CURTIS: Given though that you essentially agree with the Government on axing the carbon tax, the fixed price period for what was then going to move to, under Labor, a floating emissions trading scheme, is there a concern within the party at all that if you do not agree to that bit, it may muddy, or indeed pollute your argument against Direct Action?

BUTLER: Well, we think the arguments against Direct Action are very easy to make. All of the climate scientists, all of the economists who’ve had a close look at this policy have found it to be a fantasy, have found it to be a policy that’s not going to achieve significant reductions in carbon pollution, if any. And if it does do so, it’s going to cost taxpayers billions and billions of dollars.

CURTIS: But are they …

BUTLER: So making that argument, we don’t think it’s a particularly difficult one.

CURTIS: But is it politically more difficult if the Government continues to be able to criticise Labor for blocking or attempting to block the repeal of the carbon tax?

BUTLER: Well, I think that the community understands that we are as one on the termination of the carbon tax. Indeed, we agree on the date of the termination, the 1st of July next year. But you can’t separate that question out from the question of what will replace it. We wanted to replace it with an emissions trading scheme with a legal limit on carbon pollution and a mechanism that’s been shown around the world to be the cheapest and most effective way of getting those reductions happening. They want to replace it with a system that’s not supported by any serious observer of climate change policy, not just here in Australia, but around the world. And we won’t be supporting that.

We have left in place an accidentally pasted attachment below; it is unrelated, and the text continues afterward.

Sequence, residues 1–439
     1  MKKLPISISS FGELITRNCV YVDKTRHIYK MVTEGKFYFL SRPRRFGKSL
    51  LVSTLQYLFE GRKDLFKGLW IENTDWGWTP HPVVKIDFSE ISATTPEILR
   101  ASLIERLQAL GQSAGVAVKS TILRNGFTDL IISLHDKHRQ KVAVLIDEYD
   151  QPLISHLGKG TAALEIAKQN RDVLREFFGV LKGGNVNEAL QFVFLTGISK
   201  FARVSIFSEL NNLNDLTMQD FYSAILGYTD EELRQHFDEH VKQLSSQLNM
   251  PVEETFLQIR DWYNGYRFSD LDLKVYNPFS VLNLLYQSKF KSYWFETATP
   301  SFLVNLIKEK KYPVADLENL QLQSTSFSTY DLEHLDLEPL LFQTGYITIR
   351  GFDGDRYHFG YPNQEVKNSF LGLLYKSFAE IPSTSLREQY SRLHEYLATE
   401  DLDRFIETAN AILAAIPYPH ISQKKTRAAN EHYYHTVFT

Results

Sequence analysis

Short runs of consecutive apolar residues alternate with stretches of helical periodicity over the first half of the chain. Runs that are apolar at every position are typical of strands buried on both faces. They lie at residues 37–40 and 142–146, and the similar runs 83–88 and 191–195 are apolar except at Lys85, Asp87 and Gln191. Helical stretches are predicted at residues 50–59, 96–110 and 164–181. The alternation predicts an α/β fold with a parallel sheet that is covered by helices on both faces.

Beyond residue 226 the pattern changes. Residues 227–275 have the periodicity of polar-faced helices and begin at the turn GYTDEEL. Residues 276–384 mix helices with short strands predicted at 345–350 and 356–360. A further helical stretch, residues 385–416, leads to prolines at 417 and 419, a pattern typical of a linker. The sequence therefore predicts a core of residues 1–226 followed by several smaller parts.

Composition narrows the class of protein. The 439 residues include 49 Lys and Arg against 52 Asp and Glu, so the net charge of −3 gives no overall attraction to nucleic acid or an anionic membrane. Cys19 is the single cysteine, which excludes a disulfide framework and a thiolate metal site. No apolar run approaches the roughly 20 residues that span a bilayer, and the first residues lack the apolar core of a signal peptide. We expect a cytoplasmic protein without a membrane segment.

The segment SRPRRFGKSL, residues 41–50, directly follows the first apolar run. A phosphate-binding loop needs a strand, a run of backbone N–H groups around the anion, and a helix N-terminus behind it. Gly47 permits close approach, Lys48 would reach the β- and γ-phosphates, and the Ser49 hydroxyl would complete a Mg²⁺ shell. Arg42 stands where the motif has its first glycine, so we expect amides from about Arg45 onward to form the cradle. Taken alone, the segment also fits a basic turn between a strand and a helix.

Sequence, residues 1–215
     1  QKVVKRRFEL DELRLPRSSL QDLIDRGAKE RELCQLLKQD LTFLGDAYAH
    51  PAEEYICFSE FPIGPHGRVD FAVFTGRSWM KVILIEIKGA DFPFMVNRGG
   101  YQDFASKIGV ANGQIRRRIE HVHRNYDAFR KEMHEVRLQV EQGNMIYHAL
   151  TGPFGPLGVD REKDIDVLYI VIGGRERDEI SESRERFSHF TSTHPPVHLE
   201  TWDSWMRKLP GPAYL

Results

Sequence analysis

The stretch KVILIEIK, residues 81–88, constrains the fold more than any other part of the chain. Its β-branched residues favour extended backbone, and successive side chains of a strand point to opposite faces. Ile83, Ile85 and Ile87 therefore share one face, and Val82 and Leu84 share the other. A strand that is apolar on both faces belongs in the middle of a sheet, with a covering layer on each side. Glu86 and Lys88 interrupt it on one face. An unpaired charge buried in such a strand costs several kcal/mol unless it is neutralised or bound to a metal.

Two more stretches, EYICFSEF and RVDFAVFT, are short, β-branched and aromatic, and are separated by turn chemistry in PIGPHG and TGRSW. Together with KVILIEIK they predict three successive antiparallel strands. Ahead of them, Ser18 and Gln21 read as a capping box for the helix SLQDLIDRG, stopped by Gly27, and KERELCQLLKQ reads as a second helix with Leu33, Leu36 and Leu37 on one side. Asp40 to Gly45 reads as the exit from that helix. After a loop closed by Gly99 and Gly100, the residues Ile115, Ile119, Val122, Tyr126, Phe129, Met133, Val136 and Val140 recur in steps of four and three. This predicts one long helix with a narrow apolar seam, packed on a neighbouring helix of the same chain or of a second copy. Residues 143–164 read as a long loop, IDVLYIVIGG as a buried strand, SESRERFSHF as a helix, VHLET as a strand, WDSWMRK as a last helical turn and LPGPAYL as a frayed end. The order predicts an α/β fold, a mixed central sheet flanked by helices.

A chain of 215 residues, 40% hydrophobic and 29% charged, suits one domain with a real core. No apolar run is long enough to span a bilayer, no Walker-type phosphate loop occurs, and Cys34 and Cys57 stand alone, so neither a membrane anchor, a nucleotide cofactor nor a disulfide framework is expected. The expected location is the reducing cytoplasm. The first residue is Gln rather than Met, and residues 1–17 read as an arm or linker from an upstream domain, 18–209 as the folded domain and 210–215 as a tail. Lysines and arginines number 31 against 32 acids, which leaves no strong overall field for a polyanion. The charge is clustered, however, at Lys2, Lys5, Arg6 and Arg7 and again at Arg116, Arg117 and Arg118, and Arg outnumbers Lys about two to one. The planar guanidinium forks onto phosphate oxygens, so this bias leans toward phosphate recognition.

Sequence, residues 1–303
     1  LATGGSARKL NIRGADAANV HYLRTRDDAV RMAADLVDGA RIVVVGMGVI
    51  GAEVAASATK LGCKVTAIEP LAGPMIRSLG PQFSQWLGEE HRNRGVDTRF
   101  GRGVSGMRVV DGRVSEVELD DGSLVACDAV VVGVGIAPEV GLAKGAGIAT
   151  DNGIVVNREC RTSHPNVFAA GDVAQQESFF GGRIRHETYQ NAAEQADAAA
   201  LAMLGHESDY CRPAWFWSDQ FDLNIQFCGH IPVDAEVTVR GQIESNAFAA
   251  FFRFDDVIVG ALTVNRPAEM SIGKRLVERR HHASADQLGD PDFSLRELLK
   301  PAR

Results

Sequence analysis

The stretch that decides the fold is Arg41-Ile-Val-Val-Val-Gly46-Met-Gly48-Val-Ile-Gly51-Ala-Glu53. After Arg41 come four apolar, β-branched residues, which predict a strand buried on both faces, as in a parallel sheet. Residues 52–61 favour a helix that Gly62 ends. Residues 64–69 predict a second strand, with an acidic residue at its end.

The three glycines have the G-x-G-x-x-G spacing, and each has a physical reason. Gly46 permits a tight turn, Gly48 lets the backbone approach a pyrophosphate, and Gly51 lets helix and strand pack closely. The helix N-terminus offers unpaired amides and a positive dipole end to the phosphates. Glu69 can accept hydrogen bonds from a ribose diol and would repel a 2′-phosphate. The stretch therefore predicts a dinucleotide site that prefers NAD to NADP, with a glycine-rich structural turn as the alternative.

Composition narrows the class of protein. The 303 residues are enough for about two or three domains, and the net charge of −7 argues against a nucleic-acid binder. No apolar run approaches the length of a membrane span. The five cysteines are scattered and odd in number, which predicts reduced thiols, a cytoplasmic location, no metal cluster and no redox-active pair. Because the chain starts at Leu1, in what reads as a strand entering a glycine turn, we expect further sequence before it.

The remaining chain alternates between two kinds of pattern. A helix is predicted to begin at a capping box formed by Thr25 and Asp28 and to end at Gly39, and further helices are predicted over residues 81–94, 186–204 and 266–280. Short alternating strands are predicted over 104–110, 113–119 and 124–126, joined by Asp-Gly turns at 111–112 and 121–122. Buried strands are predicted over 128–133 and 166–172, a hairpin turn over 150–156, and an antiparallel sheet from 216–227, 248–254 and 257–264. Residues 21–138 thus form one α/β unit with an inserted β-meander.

CURTIS: But the legislative reality is that the Government will be putting those things as two different legislative proposals to the Parliament.

BUTLER: Well the proposal that goes to the Parliament , for example, in the first weeks we sit, in the couple of weeks in the House of Representatives, has a proposition to abolish the legal limit on carbon pollution. Now that is something we’ve said very clearly - before the election and since the election on many occasions - must be kept in place. We are not going to vote for a proposition to remove a legal limit on carbon pollution. Now, quite how we deal with this in the Parliament, as I said, needs further discussion in Shadow Cabinet and further discussion in Caucus. But there is much more than the simple termination of the carbon tax included in the bills that Tony Abbott and Greg Hunt are bringing before the Parliament. And, as I said before, they really do, in these bills, look like they’re trying to throw the baby out with the bathwater and Labor can’t support that.

CURTIS: When will Shadow Cabinet .. when will Caucus be making a decision about this, and is there the prospect that you could effectively make two decisions - how you approach it in the House of Representatives and how you approach it in the Senate?

BUTLER: Well, as I’ve said, I’m not going to get into the position of canvassing what our positions will be in either chamber, but we’ll be discussing this over the coming couple of weeks. I think it’s two weeks today that the House of Representatives reconvenes, so obviously we’ll be having to have that discussion up to that point in time. But I want to be clear that those discussions will be framed by very clear policy positions that we took to the election that Bill Shorten, Tanya

Plibersek, I and others, have re-emphasised since the election and since the leadership ballot in the Labor Party. We do intend to support a position that takes strong and sensible action on climate change.

CURTIS: Mark Butler, thank you very much for your time.

BUTLER: Thanks, Lyndal.